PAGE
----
As many businesses will be aware, on 25 June 2020, the Chancellor of the UK Government published an updated Treasury Direction (the Direction) in relation to the Coronavirus Job Retention Scheme (JRS). It will be recalled that the Direction – literally, the instructions from the Treasury to HMRC on how to operate the JRS – sets out the legal framework for the JRS. The revised Direction is intended to facilitate the new heavily-publicised flexible furlough arrangements. The revised Direction is a very dense document but essentially reflects the terms set out in the most recent guidance provided by the UK Government on the JRS (the Guidance). In some places, there is arguably some inconsistency between what the two documents say, but it seems now to be established that employers will be able to rely on the Guidance (see for example the comments below in relation to redundancy).     

Businesses will by now be familiar with the principal terms of the flexible furlough arrangement. In summary, in the period between 1 July and 31 October 2020, employers will be permitted to claim under the scheme for employees who work part-time and spend the remainder of their working time on furlough. Employees will be entitled to their usual pay for any time spent at work, and may agree to any pattern of flexible furlough / part-time work with their employer until the scheme ends on 31 October. Alternatively, employers may retain their employees on full furlough arrangements for all or any part of the remaining life of the JRS. Any claims in respect of periods prior to 30 June (i.e. under the arrangements in place prior to the introduction of the flexible furlough) must be made by 31 July 2020.

Only employees who have been previously furloughed for at least 3 consecutive weeks between 1 March and 30 June 2020 are eligible to participate in the scheme. Employers should reach agreement with their employees (whether individually or as part of a collective agreement with a trade union) as to their new flexible arrangement before it begins. This should be confirmed in writing, including by email, and such records should be retained until 30 June 2025. The agreement should set out the details of the new working arrangement, including when the employee shall be required to work and when they will be on furlough. The cost for business of participating in the JRS will also start to increase (see here for details).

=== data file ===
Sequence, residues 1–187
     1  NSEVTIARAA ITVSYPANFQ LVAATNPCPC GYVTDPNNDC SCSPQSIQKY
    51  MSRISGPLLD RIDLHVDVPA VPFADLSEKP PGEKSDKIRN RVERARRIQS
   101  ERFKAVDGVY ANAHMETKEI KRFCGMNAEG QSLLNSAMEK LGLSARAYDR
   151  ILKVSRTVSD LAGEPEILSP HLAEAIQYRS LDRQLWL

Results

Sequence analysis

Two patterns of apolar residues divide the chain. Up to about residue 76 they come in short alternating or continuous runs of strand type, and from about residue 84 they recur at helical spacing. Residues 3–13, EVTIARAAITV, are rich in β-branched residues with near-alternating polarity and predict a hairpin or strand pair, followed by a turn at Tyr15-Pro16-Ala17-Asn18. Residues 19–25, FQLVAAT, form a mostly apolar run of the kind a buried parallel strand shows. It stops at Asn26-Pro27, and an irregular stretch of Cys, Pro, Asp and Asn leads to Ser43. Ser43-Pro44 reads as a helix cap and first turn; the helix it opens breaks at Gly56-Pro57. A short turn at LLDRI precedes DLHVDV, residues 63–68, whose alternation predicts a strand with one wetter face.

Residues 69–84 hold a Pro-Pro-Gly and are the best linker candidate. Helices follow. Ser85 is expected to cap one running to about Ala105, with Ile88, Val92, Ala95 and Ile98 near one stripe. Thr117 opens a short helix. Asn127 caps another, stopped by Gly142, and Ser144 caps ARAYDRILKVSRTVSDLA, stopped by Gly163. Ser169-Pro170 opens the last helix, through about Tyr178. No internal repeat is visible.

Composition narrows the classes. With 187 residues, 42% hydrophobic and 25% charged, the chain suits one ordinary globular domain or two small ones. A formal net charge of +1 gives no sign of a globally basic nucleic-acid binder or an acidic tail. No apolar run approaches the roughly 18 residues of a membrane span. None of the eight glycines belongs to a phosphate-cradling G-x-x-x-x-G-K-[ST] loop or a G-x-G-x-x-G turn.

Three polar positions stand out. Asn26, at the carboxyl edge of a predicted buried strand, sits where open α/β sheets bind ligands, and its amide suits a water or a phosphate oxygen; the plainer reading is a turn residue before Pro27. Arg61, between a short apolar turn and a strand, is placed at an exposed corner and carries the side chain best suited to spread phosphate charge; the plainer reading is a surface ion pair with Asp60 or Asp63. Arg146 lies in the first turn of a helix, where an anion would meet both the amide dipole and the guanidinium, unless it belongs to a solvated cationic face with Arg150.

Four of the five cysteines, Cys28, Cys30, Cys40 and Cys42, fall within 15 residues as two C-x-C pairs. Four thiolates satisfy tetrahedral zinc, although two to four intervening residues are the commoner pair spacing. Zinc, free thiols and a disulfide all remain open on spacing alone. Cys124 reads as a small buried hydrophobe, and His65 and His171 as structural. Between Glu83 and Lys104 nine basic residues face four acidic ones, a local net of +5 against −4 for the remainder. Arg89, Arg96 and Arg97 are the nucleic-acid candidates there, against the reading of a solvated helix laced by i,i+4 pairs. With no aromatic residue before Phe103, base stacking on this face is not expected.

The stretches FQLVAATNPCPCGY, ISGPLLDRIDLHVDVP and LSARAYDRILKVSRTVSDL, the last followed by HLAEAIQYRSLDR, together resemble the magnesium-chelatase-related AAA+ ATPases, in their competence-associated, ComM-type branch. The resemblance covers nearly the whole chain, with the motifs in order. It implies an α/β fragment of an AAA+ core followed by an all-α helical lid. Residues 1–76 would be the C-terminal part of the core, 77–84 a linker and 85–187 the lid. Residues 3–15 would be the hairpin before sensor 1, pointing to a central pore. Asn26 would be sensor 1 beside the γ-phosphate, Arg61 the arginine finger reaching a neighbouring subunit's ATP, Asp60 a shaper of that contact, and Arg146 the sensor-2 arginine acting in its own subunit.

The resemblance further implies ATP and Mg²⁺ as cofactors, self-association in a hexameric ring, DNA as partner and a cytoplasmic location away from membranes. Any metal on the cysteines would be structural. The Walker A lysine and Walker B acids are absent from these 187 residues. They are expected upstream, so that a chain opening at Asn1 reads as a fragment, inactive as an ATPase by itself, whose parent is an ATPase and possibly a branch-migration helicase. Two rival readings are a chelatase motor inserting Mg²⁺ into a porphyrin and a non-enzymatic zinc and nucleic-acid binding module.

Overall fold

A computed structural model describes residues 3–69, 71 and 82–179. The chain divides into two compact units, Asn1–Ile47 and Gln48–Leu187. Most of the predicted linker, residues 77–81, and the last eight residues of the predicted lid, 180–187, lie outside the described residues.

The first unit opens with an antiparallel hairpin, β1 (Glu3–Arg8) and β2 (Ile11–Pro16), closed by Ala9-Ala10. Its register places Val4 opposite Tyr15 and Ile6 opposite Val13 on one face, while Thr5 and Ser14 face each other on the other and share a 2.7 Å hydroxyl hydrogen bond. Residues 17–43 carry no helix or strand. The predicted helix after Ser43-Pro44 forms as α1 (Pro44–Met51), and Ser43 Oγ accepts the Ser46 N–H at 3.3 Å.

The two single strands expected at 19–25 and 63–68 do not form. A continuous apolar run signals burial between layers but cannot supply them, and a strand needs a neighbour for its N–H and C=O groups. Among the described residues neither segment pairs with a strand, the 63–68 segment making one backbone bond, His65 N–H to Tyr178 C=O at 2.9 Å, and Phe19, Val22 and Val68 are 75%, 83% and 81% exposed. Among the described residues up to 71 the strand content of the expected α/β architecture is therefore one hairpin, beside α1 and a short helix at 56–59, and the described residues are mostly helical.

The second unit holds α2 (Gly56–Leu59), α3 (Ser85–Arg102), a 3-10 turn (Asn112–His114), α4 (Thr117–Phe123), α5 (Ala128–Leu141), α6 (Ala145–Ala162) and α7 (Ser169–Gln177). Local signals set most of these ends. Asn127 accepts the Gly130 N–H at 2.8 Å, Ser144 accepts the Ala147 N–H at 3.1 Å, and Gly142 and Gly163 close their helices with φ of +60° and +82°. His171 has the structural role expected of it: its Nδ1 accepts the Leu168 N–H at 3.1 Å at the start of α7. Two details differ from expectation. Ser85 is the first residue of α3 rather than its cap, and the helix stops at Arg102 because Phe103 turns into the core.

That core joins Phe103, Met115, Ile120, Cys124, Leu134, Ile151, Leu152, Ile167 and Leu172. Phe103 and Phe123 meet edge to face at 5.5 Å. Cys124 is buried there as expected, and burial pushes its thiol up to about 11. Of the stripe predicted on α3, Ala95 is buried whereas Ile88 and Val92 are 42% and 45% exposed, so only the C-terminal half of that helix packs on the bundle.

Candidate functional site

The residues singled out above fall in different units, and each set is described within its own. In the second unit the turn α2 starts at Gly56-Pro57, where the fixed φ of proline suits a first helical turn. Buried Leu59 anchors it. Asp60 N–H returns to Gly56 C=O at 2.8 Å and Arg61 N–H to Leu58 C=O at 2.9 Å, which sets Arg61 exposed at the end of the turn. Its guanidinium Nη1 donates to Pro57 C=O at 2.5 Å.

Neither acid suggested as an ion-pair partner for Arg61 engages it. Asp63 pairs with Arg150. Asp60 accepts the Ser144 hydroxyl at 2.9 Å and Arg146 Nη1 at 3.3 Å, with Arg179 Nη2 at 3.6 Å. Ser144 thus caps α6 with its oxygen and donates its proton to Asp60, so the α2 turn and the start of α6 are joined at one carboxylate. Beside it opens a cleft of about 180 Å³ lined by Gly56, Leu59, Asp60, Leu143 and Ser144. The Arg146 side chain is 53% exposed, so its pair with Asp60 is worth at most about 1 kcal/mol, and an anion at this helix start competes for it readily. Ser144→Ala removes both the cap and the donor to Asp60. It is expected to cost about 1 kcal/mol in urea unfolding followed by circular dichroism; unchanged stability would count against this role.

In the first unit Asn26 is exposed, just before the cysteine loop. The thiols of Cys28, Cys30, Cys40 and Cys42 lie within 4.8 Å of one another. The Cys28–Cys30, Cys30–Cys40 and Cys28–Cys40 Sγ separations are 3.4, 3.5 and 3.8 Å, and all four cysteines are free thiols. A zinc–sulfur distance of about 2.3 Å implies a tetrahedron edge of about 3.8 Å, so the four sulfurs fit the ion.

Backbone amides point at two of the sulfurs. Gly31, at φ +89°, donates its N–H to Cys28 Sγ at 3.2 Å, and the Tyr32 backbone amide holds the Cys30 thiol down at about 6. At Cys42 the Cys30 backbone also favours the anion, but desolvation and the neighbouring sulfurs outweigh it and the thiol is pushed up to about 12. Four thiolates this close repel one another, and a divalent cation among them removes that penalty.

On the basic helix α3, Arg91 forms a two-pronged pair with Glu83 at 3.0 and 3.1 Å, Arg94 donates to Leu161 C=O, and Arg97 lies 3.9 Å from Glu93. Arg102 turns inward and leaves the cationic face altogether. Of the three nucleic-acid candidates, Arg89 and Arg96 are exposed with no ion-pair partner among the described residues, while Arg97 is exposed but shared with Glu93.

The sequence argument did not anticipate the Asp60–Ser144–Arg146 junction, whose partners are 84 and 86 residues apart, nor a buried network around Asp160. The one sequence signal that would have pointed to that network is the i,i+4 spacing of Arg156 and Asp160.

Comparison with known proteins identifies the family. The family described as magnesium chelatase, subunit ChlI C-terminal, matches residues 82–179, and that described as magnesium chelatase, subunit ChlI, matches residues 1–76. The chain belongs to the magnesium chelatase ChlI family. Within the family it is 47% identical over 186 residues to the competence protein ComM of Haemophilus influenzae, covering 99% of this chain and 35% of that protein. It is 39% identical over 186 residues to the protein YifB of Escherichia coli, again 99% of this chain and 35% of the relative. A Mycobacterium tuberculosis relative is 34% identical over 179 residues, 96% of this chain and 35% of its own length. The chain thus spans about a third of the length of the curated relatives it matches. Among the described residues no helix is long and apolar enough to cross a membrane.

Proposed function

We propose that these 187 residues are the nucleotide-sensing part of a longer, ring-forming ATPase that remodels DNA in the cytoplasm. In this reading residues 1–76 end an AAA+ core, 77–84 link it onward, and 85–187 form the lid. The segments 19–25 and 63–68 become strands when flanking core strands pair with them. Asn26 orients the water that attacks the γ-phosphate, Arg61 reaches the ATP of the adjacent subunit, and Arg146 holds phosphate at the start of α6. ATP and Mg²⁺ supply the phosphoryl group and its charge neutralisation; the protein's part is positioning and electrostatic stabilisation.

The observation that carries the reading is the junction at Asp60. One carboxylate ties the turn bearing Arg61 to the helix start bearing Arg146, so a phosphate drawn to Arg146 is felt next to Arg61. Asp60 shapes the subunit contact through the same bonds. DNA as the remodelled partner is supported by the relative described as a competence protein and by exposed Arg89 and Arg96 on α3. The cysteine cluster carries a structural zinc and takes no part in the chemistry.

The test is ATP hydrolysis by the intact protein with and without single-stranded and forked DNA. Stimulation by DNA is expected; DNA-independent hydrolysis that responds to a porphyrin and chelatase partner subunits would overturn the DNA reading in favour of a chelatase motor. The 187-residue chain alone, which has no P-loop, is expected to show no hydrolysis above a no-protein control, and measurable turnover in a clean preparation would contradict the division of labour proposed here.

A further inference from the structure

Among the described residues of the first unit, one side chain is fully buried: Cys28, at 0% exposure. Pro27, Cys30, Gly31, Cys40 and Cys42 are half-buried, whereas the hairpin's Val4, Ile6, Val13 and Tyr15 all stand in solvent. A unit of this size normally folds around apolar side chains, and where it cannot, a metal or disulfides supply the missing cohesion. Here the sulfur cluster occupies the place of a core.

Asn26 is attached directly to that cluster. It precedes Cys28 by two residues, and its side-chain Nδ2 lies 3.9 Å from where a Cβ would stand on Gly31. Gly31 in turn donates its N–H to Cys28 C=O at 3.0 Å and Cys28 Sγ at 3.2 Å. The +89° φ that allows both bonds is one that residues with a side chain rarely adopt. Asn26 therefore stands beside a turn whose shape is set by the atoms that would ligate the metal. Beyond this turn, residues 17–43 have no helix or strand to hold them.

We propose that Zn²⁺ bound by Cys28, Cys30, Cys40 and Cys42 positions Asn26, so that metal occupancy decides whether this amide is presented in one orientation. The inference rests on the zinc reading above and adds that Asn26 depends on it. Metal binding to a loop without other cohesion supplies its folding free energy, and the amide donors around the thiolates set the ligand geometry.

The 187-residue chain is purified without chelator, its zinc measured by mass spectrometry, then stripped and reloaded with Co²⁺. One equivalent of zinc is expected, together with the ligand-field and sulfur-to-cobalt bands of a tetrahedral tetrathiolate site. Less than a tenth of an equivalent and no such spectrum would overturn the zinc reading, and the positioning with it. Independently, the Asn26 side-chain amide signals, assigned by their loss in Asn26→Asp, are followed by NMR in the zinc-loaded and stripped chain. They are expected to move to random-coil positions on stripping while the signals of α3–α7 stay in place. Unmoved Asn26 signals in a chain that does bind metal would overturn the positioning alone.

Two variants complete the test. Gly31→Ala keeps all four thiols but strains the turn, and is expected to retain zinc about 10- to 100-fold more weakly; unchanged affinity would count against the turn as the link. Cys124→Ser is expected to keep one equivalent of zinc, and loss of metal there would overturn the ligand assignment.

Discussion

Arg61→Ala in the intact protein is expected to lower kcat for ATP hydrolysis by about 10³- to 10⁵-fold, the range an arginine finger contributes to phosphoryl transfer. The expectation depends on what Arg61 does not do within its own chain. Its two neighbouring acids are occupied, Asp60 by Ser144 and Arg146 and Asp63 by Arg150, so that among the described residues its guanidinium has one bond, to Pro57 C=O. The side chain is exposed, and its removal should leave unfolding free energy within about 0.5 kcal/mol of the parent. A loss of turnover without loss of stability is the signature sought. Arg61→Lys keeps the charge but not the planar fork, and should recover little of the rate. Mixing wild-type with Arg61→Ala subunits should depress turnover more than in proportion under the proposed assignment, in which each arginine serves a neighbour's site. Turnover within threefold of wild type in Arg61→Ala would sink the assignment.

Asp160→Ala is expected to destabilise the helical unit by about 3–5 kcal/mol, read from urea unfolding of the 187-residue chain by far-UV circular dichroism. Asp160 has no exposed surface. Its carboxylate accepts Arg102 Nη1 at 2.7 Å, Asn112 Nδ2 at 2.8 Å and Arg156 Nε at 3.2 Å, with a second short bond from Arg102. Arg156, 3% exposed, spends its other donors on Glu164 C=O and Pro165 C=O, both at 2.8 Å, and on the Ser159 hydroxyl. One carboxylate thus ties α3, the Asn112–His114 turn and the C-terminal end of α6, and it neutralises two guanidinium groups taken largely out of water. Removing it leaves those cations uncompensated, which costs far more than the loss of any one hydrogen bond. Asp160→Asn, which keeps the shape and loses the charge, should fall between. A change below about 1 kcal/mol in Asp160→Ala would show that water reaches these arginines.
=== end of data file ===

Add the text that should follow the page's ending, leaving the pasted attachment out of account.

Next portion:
One concern that arose in some quarters following the publication of the revised Direction was whether employers would be able to claim under the flexible furlough scheme in respect of employees under notice of redundancy. It seemed to be the case under the Guidance that employers can still make use of the JRS in respect of employees under notice of redundancy. However the wording in the revised Direction makes specific reference to claims being used ‘to continue the employment of employees’, which raised concerns that where an employee was under notice or about to be put under notice the JRS might not be available. We do not consider that the language in the Direction was intended to have this effect, and therefore we believe it remains possible for employers to continue to claim under the JRS in respect of employees who are under notice of termination (although it is clear that payments in lieu of notice are not covered).

It is worth noting that private correspondence from BEIS was recently published on LinkedIn and this seemed to confirm that where furloughed employees are made redundant their redundancy terms should not be any less favourable because they are furloughed. This seems to confirm, for example, that an employee’s notice pay may need to be paid in full even if an employee had previously been receiving only 80% of their wages.

In further developments, the Chancellor announced last Wednesday (8 July) that employers will receive a bonus of £1,000 for each furloughed employee that they bring back to work. The payment of this bonus is subject to various conditions, including that the employee must earn above the lower earnings limit (£520 per month) on average over the three-month window between the end of the JRS and the end of January 2021, and must still be employed at that date. Further details are yet to be announced. Clearly the arrangement is intended to encourage employers to keep as many staff as possible in employment after the JRS comes to an end. Whether it has any material effect remains to be seen, as the amount payable is likely to be viewed by many employers as relatively immaterial in comparison to the costs of retaining employees over the minimum earning threshold.   

Employers should also be aware that, whilst the rules of the Direction are undeniably complex, HMRC is monitoring claims closely and has begun to instigate enforcement proceedings against those suspected of using the JRS fraudulently. In the first arrest made in connection with the JRS, a businessman is being investigated for JRS fraud thought to be worth approximately £495,000 as well as further tax fraud and money laundering offences. Eight others have also been arrested in connection with the investigation. This should serve as a reminder to businesses that HMRC will not hesitate to act on suspected misuse of the JRS, and that any issues relating to the use of the scheme should be brought to the attention of HMRC as soon as possible.

For further information, please see our previous update on the flexible furlough scheme.